Conference Coverage

ACR 2015 Workforce Study: Fewer rheumatologists, more patients, and the struggle to bridge the gap



WASHINGTON – The mass retirement of Baby Boomer workhorses, the changing face of a Millennial workforce, and the graying of America will deliver a triple-whammy to rheumatology over the next 15 years: By 2030, the United States will be short 4,700 full-time rheumatologists – just about as many as are currently in practice.

“This is drastic,” Marcy Bolster, MD, said at the annual meeting of the American College of Rheumatology. “We need to take action now or we will not be able to meet the expected increases in patient demand.”

Dr. Bolster, director of the rheumatology fellowship training program at Massachusetts General Hospital, Boston, was one of 10 clinicians who discussed the ACR’s massive new project, “The 2015 Workforce Study of Rheumatology Specialists in the United States,” a comprehensive assessment of the current supply of rheumatologists in this country, and a sobering prediction of how many will be needed in the future.

Dr. Marcy B. Bolster

Dr. Marcy B. Bolster

The overall picture is stark. There are now 4,997 full-time rheumatologists practicing in the United States, which is already far short of the current demand of 6,115. But those numbers will continue to diverge, Dr. Bolster said. By 2030, as Americans live longer, 8,184 rheumatologists will be needed to care for them. But by that time, as few as 3,455 may be working full-time – a 138% supply/demand discrepancy.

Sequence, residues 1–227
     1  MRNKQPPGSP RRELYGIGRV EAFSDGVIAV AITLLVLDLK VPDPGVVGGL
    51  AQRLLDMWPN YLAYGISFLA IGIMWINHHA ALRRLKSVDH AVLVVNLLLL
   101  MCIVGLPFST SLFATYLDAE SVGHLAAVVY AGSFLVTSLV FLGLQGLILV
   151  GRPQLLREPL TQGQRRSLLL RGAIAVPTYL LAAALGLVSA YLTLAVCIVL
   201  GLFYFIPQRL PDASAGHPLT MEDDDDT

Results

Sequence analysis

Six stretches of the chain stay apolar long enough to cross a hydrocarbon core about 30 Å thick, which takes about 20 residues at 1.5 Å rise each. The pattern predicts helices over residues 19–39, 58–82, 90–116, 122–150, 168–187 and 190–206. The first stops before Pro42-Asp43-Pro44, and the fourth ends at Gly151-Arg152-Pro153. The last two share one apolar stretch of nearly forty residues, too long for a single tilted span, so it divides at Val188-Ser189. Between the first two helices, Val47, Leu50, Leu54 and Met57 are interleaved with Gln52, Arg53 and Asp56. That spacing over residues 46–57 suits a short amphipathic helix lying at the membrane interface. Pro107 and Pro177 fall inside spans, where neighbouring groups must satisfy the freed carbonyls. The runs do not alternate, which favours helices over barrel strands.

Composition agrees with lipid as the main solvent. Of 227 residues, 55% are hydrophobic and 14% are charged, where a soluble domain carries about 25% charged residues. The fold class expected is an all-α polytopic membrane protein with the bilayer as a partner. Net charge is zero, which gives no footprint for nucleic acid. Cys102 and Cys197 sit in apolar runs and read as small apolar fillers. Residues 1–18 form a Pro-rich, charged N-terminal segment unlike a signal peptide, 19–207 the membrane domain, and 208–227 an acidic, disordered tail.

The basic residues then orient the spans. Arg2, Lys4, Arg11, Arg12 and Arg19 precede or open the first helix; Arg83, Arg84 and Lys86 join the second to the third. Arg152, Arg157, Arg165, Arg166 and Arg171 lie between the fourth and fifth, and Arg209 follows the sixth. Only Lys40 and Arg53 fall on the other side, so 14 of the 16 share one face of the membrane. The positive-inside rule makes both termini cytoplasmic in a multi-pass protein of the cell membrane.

Released at the ACR meeting in Washington, the 2015 survey is the first that ACR has conducted since 2005. The project drew on a number of sources: questionnaires sent out to the entire ACR membership; published research, position papers, and government reports; the Institute of Medicine; and state licensure and National Resident Matching Program data. Four online questionnaires surveyed not only rheumatology clinicians and fellows, but other health professionals, adult and young patients with rheumatic diseases, and the parents of pediatric patients.

The survey response rate of 31% among practicing rheumatologists was not as high as the Committee on Rheumatology Training and Workforce Issues would have liked, said Daniel Battafarano, DO, a study cochair. But fellows had a 95% response rate, offering the study a very solid look at the near future of the specialty.

The 2015 results were a striking contrast to the 2005 report, which examined supply and demand up to 2025. It came to a brighter conclusion: that a relative balance would be maintained. Not so now.

The reasons for this projected imbalance are not overly complicated, and are actually recapitulated in other areas of medicine, said Dr. Battafarano, chief of rheumatology at San Antonio (Tex.) Military Medical Center. Baby Boomer senior physicians are tired of working 70 hours a week, and moving toward retirement in unprecedented numbers. In fact, according to the report, 50% of today’s full-time rheumatologists will retire within the next 15 years, and 80% of those plan to cut back their workload by about 25%.